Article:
Read the full article here: 9 Ways American Expats Can Protect Their Finances from Cybercriminals


Engaging Millennials Employees  

It’s time for a change! As Millennials are slowly taking over the workplace, so are the way many workplaces function. One of the best ways to bridge the gap is engaging Millennials through technology. The Engaging Gen Y article in Human Resource Executive magazine, perfectly explains how different companies are taking innovative measures to enhance the work environment for all their employees.

Connecting through technology. "We wanted a more consumer-oriented experience for our employees," says Ellyn Shook, Accenture's chief human resource officer. According to her, a whopping two-thirds of the firm's 319,000 employees worldwide are millennials, now in their mid-to-late 20s or early 30s. "We want living in the world of Accenture to be like living in the digital world they're engaged with, that's tech-savvy. And we want them to be able to navigate Accenture with clarity and transparency."

Don’t just use technology to look more modern. Make sure there is a strategic reason behind it and it serves a purpose for your workforce. "But technology is a means to an end," Patrick Kulesa, Global Research Director at Towers Watson, shares with Human Resource Executive magazine. "If you use it as a means to manage workplace issues, that engagement has got to have impact."


employee welcome kit

Topics: Relocation, HR

We Need to Talk about the Flaking Problem

Posted by Ryne Inman on Mar 31, 2015 10:10:54 AM

You get an email from a former intern. He or she is checking in, seeing how the project they helped with is proceeding, asking how your team is getting along, No one can quite agree on the sociological and technological combination that’s caused it, but constant, instantaneous communication seems to have disrupted our ability to set and stick to plans.and hoping to schedule a time to get coffee and seek your advice on the industry. You both agree on a time and place. You get up early and start your walk to Starbucks. You’re halfway there when you get a text:

“Sorry, I can’t make it to coffee this morning. Would you be able to reschedule?”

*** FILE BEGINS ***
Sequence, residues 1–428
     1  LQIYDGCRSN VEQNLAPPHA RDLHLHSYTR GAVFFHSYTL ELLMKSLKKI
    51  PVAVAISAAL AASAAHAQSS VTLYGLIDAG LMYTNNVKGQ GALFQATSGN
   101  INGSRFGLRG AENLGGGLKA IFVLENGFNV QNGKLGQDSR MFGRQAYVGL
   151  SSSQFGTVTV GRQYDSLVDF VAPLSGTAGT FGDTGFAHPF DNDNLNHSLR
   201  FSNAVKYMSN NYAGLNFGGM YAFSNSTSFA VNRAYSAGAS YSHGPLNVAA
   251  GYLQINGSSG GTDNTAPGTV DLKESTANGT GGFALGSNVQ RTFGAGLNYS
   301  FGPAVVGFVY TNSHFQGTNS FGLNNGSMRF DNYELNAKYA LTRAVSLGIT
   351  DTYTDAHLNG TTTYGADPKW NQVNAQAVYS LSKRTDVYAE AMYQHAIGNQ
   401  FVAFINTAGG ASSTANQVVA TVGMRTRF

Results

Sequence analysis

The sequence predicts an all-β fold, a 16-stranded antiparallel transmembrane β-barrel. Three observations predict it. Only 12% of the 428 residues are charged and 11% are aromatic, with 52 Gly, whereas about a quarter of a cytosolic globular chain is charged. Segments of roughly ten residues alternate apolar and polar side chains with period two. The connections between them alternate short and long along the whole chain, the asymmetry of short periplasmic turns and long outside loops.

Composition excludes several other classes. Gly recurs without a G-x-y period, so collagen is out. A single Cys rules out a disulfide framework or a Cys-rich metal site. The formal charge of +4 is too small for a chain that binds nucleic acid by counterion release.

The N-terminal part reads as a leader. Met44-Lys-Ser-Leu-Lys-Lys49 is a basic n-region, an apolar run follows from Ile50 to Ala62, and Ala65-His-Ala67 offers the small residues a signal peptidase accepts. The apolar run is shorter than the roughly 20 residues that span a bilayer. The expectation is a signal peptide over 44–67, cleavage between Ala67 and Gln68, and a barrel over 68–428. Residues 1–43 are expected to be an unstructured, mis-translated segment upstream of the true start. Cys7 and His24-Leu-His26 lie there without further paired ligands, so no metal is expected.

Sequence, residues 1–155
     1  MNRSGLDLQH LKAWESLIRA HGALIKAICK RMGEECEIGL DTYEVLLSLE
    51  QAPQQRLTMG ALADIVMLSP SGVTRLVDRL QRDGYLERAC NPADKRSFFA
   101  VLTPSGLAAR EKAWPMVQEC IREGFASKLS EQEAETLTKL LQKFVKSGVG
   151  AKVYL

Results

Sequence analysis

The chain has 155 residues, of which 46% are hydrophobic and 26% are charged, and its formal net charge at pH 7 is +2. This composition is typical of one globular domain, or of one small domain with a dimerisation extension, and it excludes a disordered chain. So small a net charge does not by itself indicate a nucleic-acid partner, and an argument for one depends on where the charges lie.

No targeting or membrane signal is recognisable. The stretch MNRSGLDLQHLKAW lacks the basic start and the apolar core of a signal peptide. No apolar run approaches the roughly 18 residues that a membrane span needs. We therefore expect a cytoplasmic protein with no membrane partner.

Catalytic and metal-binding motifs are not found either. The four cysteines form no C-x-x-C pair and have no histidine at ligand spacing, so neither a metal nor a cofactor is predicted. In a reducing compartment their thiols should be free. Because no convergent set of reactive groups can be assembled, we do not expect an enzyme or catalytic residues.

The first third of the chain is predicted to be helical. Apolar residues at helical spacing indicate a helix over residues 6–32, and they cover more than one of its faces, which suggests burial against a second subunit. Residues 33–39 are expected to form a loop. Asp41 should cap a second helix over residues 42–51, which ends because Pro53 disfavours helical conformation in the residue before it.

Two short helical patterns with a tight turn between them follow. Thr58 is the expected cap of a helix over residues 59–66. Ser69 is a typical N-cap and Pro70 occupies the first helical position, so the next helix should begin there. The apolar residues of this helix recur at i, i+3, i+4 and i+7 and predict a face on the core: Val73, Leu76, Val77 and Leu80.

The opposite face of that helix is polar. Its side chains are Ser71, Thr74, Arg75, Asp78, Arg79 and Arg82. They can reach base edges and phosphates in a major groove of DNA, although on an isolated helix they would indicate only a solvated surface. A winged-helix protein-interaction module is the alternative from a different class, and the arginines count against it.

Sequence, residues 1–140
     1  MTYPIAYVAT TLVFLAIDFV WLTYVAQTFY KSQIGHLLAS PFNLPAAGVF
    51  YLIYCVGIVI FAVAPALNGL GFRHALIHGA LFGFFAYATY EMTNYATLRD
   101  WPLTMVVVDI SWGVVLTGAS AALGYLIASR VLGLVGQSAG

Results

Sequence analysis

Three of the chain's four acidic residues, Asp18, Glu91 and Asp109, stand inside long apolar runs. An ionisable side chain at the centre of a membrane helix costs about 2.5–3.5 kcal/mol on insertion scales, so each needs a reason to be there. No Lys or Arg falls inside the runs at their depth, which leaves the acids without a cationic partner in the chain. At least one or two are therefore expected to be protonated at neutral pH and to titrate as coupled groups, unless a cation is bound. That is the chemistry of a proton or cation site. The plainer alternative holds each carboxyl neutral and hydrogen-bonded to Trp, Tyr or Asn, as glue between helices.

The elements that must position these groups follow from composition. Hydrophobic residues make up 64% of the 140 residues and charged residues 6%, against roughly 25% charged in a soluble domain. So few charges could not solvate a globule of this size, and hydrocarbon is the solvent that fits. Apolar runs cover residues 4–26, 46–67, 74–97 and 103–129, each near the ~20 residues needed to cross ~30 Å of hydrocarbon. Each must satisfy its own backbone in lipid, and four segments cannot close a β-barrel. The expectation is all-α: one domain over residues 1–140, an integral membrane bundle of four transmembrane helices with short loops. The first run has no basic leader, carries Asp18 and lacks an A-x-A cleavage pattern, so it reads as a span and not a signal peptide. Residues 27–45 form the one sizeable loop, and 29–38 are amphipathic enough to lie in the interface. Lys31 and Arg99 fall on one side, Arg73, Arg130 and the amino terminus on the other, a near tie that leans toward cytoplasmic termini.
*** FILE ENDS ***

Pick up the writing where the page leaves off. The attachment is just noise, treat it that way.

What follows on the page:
And now you’ve probably crushed your phone in your bare hand.

The UrbanBound team is overwhelmingly staffed with millennials, and when we work with interns, we’re often working intra-generationally. This obviously makes our experience with this cohort much smoother, we share common traits, habits, and expectations. And, if you’ve read any of our past blogs or ebooks, you know that we discuss millennial habits frequently. After a few recent discussions, we’ve noticed one recurring issue: Communication about scheduling.

This isn’t an original observation, or even a flaw isolated to millennials, but it is one that’s heavily discussed in relation to them. Doing a Google search for “Millennials flaking” results in a smothering crush of listicles and earnest opinions. No one can quite agree on the sociological and technological combination that’s caused it, but constant, instantaneous communication seems to have disrupted our ability to set and stick to plans.

There is, however, a very obvious distinction between breaking plans with friends and breaking plans with a professional colleague. We’ve all done the former, This is Sadie. She has been waiting for her friend for 10 minutes. In five minutes, her friend will text her cancelling their lunch plans.and your friends are typically understanding (as long as your flaking doesn’t become the norm), but the latter can have dire consequences for your career. It’s a self-inflicted harm that’s easily avoidable. Everyone, not just millennials, should follow a few simple guidelines in the best interest of courtesy and professionalism:

  • Set plans in advance. A date, time, and location, preferably in writing. Whether it’s by text, email, IM, calendar invite, or any other method.
  • Confirm those plans 24 hours before you meet.
  • In the event you do need to cancel, inform the other party ASAP. Give a reason you are cancelling, even if it’s just general (I have an interview, I need to drive my grandma to the store, etc.)
  • If you’re cancelling on short notice, apologize and let the other party know it’s an emergency. Follow up later to reschedule.
  • Don’t lie. If it’s not an emergency, don’t invent one. You will be found out, and now you’re discourteous and a liar. You’ve lost a reference and a mentor in the process as well.

employee welcome kit

Topics: Millennials, Company Culture, HR